In an earlier article we outlined our Top 10 things to do in Ireland in 2014 which hopefully provided useful information for those who are planning Ireland vacations in 2014 and beyond. There is of course so much more to explore and discover on Emerald Isle and there are plenty of hidden gems which would provide visitors with the quintessential Irish experience. Whether you’re a keen hill walker and simply want to soak up the stunning Irish landscape then these suggestions might be right down your alley.
Guided walks from Doolin to the Cliffs of Moher.
No trip to Ireland is complete without a visit to the spectacular Cliffs of Moher. This is an easy three-hour ramble along the cliff tops from Doolin right to the Cliffs of Moher. You will see the waterfall, the sea stacks, the spot where (long ago) they lowered people over in a basket to collect seagulls’ eggs, the piper’s chair, and lots more besides. And don’t worry if you are tired you can get the bus back from the Cliffs of Moher.
The Inishowen 100 scenic route.
The Inishowen 100 runs around the perimeter of Inishowen Peninsula in Donegal, boasting more views per square mile than most of Ireland. The sea is visible from just about everywhere on Inishowen which makes for some stunning back drops so make sure to bring a camera!
You can drive out from Derry and go up the west coast via Buncrana or take the ferry across Lough Foyle from Magilligan Point, which runs every hour throughout the summer with a handy roll on, roll off service and go up the East coast., don’t miss taking a detour to see Kinnego Bay, where the Spanish Armada ship the Trinidad Valencera sank in 1588. It was only discovered approximately 400 years later by Derry sub-aqua club. You can see what they found in the Tower Museum in Derry.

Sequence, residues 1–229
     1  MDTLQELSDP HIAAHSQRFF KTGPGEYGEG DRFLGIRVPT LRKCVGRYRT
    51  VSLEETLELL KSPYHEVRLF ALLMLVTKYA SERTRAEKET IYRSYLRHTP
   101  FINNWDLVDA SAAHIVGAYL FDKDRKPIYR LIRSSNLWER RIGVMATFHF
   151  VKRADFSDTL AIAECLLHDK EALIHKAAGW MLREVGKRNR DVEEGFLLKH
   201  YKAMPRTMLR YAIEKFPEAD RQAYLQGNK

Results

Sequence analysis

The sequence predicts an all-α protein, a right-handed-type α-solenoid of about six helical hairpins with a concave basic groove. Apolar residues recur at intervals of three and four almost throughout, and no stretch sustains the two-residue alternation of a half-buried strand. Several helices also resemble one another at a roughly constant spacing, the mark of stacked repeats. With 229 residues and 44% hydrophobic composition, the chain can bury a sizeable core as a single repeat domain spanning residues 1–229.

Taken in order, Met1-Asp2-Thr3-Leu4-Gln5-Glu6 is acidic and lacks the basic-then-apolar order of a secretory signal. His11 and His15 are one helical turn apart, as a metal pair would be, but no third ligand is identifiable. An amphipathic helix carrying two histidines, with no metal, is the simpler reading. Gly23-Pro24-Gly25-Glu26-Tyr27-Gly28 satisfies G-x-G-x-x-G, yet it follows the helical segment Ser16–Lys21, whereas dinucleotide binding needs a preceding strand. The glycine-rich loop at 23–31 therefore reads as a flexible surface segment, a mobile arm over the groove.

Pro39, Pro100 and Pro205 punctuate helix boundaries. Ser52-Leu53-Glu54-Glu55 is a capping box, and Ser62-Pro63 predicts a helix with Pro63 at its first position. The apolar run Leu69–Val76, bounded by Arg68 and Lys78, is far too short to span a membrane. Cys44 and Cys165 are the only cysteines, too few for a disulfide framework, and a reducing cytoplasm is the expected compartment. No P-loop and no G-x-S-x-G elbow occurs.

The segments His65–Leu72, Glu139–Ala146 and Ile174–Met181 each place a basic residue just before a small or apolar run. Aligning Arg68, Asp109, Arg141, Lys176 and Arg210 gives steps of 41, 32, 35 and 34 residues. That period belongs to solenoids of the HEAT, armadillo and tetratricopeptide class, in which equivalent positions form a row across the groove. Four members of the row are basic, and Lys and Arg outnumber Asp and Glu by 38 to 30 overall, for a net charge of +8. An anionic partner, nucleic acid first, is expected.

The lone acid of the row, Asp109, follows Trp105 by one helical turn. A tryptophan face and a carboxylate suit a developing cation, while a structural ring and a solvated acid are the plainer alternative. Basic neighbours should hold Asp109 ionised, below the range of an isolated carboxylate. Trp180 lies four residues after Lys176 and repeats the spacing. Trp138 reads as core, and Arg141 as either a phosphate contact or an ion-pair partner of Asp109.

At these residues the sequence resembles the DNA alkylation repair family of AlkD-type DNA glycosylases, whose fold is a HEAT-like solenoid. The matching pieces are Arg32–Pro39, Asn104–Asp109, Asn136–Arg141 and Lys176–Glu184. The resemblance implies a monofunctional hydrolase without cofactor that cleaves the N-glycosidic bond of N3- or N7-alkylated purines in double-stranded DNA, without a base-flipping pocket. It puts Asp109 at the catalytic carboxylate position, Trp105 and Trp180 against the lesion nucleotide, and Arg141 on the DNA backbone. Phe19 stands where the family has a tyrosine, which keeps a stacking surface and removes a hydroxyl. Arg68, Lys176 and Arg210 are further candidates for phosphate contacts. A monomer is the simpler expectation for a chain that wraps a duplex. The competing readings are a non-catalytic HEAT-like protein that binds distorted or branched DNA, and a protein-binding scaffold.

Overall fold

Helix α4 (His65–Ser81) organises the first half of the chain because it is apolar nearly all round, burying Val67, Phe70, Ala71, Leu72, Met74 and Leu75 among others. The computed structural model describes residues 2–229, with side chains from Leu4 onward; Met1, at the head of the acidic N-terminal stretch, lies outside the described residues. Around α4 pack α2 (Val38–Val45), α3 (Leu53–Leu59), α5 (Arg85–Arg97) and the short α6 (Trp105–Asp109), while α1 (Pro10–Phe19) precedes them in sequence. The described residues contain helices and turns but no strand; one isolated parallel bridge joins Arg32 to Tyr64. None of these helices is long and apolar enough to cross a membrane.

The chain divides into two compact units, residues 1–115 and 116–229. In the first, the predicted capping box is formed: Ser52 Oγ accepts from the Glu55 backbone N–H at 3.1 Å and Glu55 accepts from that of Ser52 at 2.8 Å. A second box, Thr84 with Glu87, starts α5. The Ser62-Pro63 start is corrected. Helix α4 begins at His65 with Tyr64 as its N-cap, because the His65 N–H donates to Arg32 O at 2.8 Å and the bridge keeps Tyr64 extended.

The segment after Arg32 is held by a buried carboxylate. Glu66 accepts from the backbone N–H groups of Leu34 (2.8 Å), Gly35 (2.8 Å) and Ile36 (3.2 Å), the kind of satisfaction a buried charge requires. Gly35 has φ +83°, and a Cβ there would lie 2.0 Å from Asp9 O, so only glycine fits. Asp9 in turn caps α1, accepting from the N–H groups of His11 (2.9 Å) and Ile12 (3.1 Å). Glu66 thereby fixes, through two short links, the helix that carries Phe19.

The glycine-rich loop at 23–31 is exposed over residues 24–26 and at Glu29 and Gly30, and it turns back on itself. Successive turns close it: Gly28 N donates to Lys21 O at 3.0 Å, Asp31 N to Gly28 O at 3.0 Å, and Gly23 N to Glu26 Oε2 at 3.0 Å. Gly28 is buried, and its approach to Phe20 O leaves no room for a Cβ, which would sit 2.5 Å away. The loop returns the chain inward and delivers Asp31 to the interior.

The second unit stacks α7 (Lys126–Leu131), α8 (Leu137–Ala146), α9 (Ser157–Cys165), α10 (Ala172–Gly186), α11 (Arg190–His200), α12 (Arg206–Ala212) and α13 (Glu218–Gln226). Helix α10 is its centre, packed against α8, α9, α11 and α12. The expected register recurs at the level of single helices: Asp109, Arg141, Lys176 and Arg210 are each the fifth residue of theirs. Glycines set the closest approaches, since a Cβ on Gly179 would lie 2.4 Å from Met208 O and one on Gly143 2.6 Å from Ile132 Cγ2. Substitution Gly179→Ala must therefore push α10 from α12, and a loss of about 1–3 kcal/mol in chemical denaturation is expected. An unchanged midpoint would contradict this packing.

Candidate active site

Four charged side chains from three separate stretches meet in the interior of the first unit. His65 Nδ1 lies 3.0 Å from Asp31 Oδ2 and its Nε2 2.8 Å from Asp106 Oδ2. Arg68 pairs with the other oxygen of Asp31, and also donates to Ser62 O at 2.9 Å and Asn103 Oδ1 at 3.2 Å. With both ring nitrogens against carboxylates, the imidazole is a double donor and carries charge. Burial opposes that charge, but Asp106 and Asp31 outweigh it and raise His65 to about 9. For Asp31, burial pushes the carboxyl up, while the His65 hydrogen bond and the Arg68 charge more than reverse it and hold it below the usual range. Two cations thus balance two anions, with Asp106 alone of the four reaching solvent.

Keep an eye out for the eagles at Mamore Gap on the way over to Dunree Fort overlooking Fanad Head on the opposite side of Lough Swilly. Finish up by watching the sunset at Grianan an Ailleach, an ancient 3 ringed stone fort high on the hillside at Burt on the way back to Derry.
Indulge your Celtic soul on Inis Cealtra.
Inis Cealtra (Holy Island) on Lough Derg is unique, even in Ireland, in that there are monuments and artifacts there dating back some 7,000 years (long before any written evidence) that have survived intact and in-situ (almost) to the present day exactly because of its island location.
From the bullaun stones of the Celts to the 8th century grave slabs in the Saints Graveyard, 10th century high crosses in St Caimin’s church, pilgrims paths and kissing stone and a lot more besides. Inish Cealtra was one of the principal places of pilgrimage in Ireland, but even if you know nothing at all about Irish history or are not even remotely religious stepping ashore on Inis Cealtra is a very special experience, as apart from the 1,000s of years of history, Holy Island’s natural beauty is palpable.
Hop over to Tory Island.
County Donegal Ireland’s most northerly, inhabited island for anyone who cares to make the hour long journey North of Letterkenny to Magheroarty where a ferry departs daily. While Tory Island is a Gaeltacht (Irish speaking area) Patsy and the rest of the 100 odd islanders are bilingual and great talkers, musicians and painters.
You can easily see where they get the artistic inspiration if you take any of the walking trails about the island, look back at the mainland and you will see the mountains of Donegal, the steep cliffs, sea stacks and crystal clear waters brimming with fish while seabirds of every kind circling above you.
Hopefully we’ve wetted your appetite a little but stay tuned for some more Ireland Vacation ideas over the coming weeks and months.